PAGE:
August 19, 2022

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North Korea has launched the most powerful missile since 2017

North Korea launched its most powerful missile on Sunday on Sunday, saying South Korea was worried that Pyongyang might soon follow suit with a threat to resume nuclear or intercontinental ballistic missile testing.

Read more: North Korea’s new test for the 7th time in a month

Read more: North Korea: The United States has called for a new meeting of the UN Security Council

This is the seventh weapons test conducted by Pyongyang since the beginning of this year.

North Korea has never tested so many missiles in a calendar month before. The last major series of shootings took place before 2019, following the failure of talks between its leader Kim Jong Un and then US President Donald Trump (2017-2021).

“Assessment of the Hwasong-12 intermediate and long-range surface-to-air ballistic missile was carried out on Sunday, which confirmed the precision, safety and efficiency of the device,” the North Korean state news agency KCNA reported Monday.

South Korean allied leaders said Sunday morning that they had discovered an “intermediate-range ballistic missile launched from a high angle.” If it is a high angle shot then the missile will not reach its maximum range.

KCNA said on Monday that the test was carried out using a “high-angle launching system” for the safety of neighboring countries, and that the missile’s warship had a camera.

As for South Korea, North Korea is following a “similar path” as in 2017, when tensions peaked on the Korean Peninsula.

Pyongyang’s nuclear and intercontinental ballistic missile test is “close to breaking its self-imposed ban,” South Korean President Moon Jae-in said in a statement.

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The missile was launched from the northern province of Jahang, from where North Korea has been launching what it claims to be hypersonic missiles in recent months.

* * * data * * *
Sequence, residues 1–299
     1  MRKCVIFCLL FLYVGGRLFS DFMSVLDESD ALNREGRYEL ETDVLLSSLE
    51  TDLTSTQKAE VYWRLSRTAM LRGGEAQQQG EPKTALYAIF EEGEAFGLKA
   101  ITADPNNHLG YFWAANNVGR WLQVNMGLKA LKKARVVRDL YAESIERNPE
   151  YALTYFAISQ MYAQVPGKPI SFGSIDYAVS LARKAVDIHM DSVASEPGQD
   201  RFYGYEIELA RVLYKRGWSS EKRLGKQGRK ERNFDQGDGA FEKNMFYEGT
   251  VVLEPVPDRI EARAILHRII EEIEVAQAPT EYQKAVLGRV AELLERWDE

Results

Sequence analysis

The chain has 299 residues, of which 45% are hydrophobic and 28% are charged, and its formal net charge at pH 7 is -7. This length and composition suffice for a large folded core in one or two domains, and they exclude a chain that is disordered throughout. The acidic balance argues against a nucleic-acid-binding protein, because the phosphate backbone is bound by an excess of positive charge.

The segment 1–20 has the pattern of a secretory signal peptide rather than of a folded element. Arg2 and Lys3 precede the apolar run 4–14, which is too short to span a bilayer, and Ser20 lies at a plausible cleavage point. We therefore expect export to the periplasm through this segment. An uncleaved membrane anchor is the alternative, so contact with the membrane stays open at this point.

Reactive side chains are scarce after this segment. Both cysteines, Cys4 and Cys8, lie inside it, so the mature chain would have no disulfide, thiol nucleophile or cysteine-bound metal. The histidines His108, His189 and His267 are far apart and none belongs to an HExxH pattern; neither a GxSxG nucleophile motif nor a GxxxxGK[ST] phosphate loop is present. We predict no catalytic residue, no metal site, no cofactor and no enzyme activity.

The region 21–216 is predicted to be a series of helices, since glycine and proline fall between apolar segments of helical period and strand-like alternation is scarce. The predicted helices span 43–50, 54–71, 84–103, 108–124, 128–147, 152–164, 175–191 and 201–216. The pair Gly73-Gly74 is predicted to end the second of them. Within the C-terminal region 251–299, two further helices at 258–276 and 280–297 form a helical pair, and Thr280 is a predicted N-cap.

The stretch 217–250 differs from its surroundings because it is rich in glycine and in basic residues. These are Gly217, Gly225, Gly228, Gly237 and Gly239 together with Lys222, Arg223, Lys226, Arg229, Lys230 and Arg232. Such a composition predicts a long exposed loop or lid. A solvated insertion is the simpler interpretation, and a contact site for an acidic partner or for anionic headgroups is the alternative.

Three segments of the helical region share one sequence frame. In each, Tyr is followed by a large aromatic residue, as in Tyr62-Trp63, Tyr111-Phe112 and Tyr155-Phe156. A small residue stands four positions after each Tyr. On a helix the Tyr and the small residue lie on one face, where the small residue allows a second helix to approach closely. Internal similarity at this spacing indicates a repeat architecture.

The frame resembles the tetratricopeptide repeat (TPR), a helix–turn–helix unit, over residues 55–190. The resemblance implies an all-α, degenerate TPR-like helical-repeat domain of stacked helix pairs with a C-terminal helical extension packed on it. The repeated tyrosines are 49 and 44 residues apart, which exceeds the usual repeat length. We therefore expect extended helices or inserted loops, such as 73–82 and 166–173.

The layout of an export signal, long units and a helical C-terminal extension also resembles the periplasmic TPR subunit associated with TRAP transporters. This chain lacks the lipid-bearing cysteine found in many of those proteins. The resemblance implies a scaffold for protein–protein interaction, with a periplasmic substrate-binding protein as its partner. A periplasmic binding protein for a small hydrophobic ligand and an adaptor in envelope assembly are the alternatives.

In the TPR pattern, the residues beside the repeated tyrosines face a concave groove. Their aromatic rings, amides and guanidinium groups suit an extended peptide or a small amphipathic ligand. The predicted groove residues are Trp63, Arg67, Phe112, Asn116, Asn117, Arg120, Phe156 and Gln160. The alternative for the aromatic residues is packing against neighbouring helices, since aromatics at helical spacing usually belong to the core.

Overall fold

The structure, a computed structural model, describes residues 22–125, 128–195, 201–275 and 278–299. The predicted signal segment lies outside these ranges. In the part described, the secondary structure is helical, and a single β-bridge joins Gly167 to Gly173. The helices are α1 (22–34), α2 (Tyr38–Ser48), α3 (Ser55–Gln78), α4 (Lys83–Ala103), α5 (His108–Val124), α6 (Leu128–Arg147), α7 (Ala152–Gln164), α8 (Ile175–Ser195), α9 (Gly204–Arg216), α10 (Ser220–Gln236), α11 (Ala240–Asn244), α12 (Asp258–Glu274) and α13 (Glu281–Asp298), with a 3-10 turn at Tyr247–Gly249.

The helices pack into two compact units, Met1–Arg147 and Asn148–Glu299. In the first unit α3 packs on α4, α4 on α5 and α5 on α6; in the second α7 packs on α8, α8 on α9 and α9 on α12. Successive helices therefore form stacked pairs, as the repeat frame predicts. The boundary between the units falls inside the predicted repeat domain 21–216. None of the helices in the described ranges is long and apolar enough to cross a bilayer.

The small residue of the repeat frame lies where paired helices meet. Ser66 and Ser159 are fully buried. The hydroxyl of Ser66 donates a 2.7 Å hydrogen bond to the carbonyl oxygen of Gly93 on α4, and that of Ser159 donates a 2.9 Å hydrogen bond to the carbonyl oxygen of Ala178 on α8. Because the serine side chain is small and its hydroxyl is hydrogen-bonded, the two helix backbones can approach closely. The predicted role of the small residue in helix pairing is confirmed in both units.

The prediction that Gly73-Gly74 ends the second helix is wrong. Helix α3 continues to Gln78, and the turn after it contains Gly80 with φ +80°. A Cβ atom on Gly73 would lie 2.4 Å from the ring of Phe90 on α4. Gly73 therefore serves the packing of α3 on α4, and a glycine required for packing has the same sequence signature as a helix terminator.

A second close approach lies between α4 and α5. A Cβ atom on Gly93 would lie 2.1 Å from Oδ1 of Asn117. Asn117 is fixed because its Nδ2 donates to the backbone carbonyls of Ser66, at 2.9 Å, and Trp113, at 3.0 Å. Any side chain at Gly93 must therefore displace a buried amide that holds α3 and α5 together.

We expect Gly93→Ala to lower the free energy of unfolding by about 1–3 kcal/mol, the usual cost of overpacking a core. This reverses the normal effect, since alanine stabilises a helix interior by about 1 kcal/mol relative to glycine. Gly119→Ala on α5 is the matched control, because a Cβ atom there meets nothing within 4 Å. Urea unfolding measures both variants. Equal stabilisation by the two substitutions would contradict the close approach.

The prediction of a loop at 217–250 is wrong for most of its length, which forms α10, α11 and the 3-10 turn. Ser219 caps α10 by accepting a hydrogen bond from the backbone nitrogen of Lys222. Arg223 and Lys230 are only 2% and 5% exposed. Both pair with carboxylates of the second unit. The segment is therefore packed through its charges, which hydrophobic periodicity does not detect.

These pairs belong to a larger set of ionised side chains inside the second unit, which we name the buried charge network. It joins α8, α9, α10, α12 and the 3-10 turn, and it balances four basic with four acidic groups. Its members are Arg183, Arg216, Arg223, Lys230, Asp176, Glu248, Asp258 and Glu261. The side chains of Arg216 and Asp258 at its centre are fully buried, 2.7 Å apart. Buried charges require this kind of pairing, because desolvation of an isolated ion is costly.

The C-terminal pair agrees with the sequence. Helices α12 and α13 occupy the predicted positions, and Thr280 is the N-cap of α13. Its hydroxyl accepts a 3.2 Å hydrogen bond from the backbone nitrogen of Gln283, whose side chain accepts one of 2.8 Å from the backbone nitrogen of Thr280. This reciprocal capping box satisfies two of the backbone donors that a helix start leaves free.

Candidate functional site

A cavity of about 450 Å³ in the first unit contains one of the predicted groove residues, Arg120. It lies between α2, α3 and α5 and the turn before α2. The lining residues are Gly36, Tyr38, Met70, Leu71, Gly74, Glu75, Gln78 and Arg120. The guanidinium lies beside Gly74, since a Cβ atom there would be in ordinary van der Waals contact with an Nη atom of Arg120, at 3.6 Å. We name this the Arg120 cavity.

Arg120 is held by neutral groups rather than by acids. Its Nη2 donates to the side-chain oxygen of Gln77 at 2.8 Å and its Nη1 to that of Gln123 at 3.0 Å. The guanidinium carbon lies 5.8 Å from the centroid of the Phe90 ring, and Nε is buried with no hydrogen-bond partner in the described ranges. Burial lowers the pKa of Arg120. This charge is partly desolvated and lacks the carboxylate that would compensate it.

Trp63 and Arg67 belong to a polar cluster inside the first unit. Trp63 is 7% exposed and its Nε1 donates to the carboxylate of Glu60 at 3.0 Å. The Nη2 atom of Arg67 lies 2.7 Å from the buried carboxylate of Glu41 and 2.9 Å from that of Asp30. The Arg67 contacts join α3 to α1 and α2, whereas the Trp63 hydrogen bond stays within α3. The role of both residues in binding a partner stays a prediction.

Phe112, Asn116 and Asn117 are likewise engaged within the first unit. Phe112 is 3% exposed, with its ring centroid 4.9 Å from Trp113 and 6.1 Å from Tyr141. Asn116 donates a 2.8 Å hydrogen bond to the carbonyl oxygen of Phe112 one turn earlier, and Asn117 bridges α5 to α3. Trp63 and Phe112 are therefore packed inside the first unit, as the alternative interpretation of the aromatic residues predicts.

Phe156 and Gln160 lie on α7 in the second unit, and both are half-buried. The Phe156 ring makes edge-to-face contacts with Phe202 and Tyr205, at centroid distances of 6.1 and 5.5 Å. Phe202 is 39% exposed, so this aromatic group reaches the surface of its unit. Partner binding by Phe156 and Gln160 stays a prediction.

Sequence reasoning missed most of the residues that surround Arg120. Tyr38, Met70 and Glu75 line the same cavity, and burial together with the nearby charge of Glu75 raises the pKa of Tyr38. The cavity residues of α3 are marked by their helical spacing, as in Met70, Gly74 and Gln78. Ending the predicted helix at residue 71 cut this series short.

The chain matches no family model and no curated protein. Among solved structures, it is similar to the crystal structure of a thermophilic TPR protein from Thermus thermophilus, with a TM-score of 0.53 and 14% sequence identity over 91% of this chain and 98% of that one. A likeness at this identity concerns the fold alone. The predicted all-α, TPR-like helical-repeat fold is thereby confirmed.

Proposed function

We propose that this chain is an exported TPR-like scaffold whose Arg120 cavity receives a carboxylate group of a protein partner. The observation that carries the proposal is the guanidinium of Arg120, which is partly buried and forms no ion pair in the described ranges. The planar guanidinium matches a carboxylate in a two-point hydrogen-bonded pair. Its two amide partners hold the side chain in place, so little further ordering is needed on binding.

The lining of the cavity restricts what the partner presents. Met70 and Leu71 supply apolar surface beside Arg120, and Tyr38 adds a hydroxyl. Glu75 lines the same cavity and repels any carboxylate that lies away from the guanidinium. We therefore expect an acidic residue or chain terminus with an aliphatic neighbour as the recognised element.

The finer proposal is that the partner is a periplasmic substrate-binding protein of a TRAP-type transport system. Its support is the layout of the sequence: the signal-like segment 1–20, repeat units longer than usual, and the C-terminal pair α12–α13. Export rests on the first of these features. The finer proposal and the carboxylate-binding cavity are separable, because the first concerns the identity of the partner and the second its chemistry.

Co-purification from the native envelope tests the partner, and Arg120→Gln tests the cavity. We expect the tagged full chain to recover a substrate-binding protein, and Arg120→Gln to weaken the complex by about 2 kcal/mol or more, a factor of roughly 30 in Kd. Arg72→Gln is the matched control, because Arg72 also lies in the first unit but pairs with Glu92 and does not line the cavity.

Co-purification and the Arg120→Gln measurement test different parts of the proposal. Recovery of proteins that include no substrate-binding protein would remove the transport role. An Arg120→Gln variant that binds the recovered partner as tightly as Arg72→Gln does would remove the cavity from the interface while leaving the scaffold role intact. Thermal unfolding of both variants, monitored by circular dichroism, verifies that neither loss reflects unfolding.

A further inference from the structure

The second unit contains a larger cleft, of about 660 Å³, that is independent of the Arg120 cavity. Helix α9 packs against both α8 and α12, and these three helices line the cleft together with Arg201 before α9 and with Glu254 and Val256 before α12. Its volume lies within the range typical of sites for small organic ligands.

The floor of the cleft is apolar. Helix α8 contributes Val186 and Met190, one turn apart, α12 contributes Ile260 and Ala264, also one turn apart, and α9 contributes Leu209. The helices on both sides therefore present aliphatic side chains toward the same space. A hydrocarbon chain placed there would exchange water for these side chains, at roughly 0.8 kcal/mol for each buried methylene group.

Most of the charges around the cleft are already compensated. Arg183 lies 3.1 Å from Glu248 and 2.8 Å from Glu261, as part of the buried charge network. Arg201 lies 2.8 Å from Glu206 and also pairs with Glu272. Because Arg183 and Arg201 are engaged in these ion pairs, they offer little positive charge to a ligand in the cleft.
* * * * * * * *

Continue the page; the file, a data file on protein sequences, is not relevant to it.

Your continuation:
It reached a maximum altitude of 2,000 km, traveled about 800 km in 30 minutes and crashed into the Sea of ​​Japan, South Korean civil servants said.

Pyongyang had previously tested the Hwaseong-12 missile in 2017, which traveled 787 km and reached a maximum altitude of 2,111 km.

At the time, researchers estimated that the missile had a range of 4,500 km and could reach the US island of Guam in the Pacific Ocean.

The North Korean regime threatened to resume its nuclear or missile tests on January 20, saying it was forced to do so by US “hostile” policy.

Pyongyang has rejected various dialogue proposals made by Washington since President Joe Biden took office in January 2021. In December, Kim Jong Un reaffirmed that his priority was to modernize the country’s arsenal.

On Friday, the North Korean company KCNA Mr. Kim released pictures of her visit to the Arms Factory. In one of these photos, we see him wearing a black leather coat with a regular belt and surrounded by uniformed officers, some of whom have pale faces.

A U.S. State Department spokesman said Sunday’s hearing was a “clear violation” of UN resolutions.

Linda Thomas-Greenfield, the US ambassador to the United Nations, condemned the “provocative” launch on the US channel ABC and said the US was “completely open to a diplomatic meeting without preconditions”.

According to Xu Kim, an analyst at the Rand Corporation, an American think tank, North Korea has auctioned off its time and is now “gradually accelerating” its weapons tests.

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“Kim controlled her appetite for experimentation and provocation,” he explains. “Now is the time, and repeated missile strikes add another problem to the already enormous list of international challenges for Washington.”

These North Korean tests come at a subtle time for the region: China, the only major ally of the North Korean regime, is hosting the Winter Olympics in February and South Korea is holding presidential elections in March.

Pyongyang is preparing to celebrate the 80th birthday of Kim Jong Il, Kim’s father, in February, followed by his grandfather Kim Il Sung’s 110th birthday in April.

The rise of the tests comes at a time when international sanctions and nearly two-year border closures have brought the North Korean economy to its knees in the name of fighting the COVID-19.

“The Kim regime is listening to what is being said outside about its internal weakness,” said Leaf Easley, a professor at Ewha University in Seoul. “So he wants to remind Washington and Seoul that any attempt to oust him would be too costly.”